MANILA — The Philippines’ war against piracy has taken a cinematic twist.
President Gloria Macapagal-Arroyo’s chairman appointee to the Video Regulatory Board — thesp Ramon “Bong” Revilla Jr. — has brought his action hero persona vividly to life. Wasting little time after being sworn in, the young matinee idol and former governor of Cavite, a province south of Manila, made a series of raids into areas widely known to be hubs of the fake CD and VCD business.
The visits caught the pirates by surprise — just like in the movies. Raids resulted in the confiscation and destruction of thousands of pirate discs. Media coverage, the president’s presence and the participation of other militant entertainment folk gave the events a bigger-than-life quality. But Revilla wasn’t doing it just for show.
After the city raids, the Video Regulatory Board chair and other officials turned their cross-hairs on the suburbs. A big plant in Bulacan, north of Manila, turned up not just pirate CDs but production equipment. Plant workers turned out to be illegal aliens, seven Indonesians and five Chinese. The strike put an end to P800 million pesos ($16 million) in illegal business.
Revilla took his war to the southern islands as well. Similar raids in Davao province laid $19,000 worth of fake VCDs to waste. So far his aggressive, no-nonsense approach has yielded over $6 million worth of fake CDs.
Revilla said he wants to cut the supply of pirate CDs by 50% before year’s end, giving jobs back to 187,000 movie workers who have been displaced by film piracy.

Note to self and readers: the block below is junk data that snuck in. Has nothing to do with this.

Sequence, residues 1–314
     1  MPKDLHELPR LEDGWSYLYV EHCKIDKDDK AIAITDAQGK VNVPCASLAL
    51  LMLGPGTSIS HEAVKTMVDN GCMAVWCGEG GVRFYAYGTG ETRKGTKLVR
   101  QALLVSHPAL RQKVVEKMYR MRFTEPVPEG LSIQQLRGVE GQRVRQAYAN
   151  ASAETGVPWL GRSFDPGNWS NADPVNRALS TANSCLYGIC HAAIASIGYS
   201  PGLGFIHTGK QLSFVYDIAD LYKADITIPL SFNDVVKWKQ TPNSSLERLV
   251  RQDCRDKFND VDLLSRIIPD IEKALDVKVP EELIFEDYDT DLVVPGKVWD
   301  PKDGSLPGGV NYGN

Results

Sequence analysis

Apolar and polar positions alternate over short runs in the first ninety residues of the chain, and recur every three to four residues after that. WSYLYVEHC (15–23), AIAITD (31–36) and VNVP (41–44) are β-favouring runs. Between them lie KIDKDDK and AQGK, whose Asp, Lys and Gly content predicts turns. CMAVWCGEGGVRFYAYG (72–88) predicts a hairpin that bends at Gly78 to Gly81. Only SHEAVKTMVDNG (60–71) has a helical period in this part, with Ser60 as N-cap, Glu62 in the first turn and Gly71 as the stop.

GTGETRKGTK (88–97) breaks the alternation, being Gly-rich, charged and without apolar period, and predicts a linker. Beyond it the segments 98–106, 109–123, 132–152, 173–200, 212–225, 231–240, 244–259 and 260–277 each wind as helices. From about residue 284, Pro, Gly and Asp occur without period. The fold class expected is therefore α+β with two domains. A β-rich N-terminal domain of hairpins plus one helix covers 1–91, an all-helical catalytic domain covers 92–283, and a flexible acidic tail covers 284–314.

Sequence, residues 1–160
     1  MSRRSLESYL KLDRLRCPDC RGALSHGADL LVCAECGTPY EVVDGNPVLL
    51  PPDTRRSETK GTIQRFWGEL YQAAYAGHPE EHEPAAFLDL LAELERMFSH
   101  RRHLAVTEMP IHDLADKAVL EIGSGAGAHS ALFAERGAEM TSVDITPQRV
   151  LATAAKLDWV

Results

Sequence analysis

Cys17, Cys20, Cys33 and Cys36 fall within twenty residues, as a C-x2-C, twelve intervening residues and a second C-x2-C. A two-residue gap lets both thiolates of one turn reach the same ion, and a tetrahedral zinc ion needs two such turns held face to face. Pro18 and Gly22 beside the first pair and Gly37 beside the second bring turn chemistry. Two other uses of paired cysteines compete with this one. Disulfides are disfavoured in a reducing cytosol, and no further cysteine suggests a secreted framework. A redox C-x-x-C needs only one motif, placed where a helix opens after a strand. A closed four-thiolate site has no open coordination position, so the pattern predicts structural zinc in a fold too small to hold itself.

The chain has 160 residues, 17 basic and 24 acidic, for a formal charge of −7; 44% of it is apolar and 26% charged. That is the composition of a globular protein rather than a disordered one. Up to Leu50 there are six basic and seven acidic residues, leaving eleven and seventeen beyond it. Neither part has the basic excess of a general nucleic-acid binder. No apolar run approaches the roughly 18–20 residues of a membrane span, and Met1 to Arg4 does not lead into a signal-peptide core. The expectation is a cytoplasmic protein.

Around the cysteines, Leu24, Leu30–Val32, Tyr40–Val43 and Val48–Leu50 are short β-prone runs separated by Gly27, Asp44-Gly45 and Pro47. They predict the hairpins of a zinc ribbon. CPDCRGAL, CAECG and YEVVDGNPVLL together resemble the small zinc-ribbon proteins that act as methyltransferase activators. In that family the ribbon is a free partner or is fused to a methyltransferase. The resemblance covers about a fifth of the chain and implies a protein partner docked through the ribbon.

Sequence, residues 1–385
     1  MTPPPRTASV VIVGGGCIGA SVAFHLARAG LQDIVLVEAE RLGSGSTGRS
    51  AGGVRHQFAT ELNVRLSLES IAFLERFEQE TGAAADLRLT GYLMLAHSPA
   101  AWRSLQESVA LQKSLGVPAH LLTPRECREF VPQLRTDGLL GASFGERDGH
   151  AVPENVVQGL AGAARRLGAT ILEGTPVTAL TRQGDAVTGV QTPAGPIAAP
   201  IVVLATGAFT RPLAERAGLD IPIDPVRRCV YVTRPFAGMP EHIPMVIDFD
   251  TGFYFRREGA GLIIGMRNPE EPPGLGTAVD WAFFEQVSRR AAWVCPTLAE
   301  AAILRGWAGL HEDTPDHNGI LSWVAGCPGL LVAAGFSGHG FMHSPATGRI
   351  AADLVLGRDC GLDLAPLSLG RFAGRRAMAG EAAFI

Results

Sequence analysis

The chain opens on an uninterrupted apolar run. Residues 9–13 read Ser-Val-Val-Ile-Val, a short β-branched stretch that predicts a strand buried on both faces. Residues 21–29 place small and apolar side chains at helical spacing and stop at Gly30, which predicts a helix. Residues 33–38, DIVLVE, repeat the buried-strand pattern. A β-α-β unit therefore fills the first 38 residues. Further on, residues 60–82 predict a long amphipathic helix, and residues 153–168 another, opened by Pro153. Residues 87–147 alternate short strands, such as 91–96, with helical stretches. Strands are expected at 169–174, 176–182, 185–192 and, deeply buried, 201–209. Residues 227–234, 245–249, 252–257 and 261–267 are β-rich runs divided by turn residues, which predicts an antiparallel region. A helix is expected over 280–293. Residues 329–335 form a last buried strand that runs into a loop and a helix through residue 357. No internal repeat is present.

Revilla blamed the pirates for the drastic cut in Filipino film production of late. The current annual output of 30 to 40 films is alarming when compared with the former high of 300 to 400 films a year.
Even printing presses that produce labels for pirate compact and video compact discs have not been spared by the VRB chief. Operatives swooped down on a press in the town of Antipolo in late August and arrested 12 machine operators and staff, catching them red-handed in the printing of assorted CD, VCD and DVD labels.
Revilla says tipsters have begun to assist the board, in what may be an indication of growing public support.
But it hasn’t all been victory parties for the action hero. Revilla’s cousin and a former chief security officer was gunned down by an ex-police officer in early August while Revilla was in Davao, for reasons undisclosed. Weeks later, a close friend and aide suffered a similar fate. Revilla has acknowledged that he has received death threats because of his anti-piracy campaign. However, he could not say for sure if either slaying was related to the campaign.
True to character, Revilla isn’t backing down, although he has agreed to beef up security for his family.
“I just hope the probes (of) the deaths of these people who were virtually brothers to me do not lead to the conclusion that they were politically motivated or connected to the (anti-piracy) campaign,” he says. “I am trying to comfort myself by believing that those senseless deaths were triggered by personal motives. And I do hope they were not killed because they were associated with me.”
Wherever the investigations may lead, Revilla says he would seek justice. Also, the killings will not soften his stand on audio and film piracy.
The action has just begun.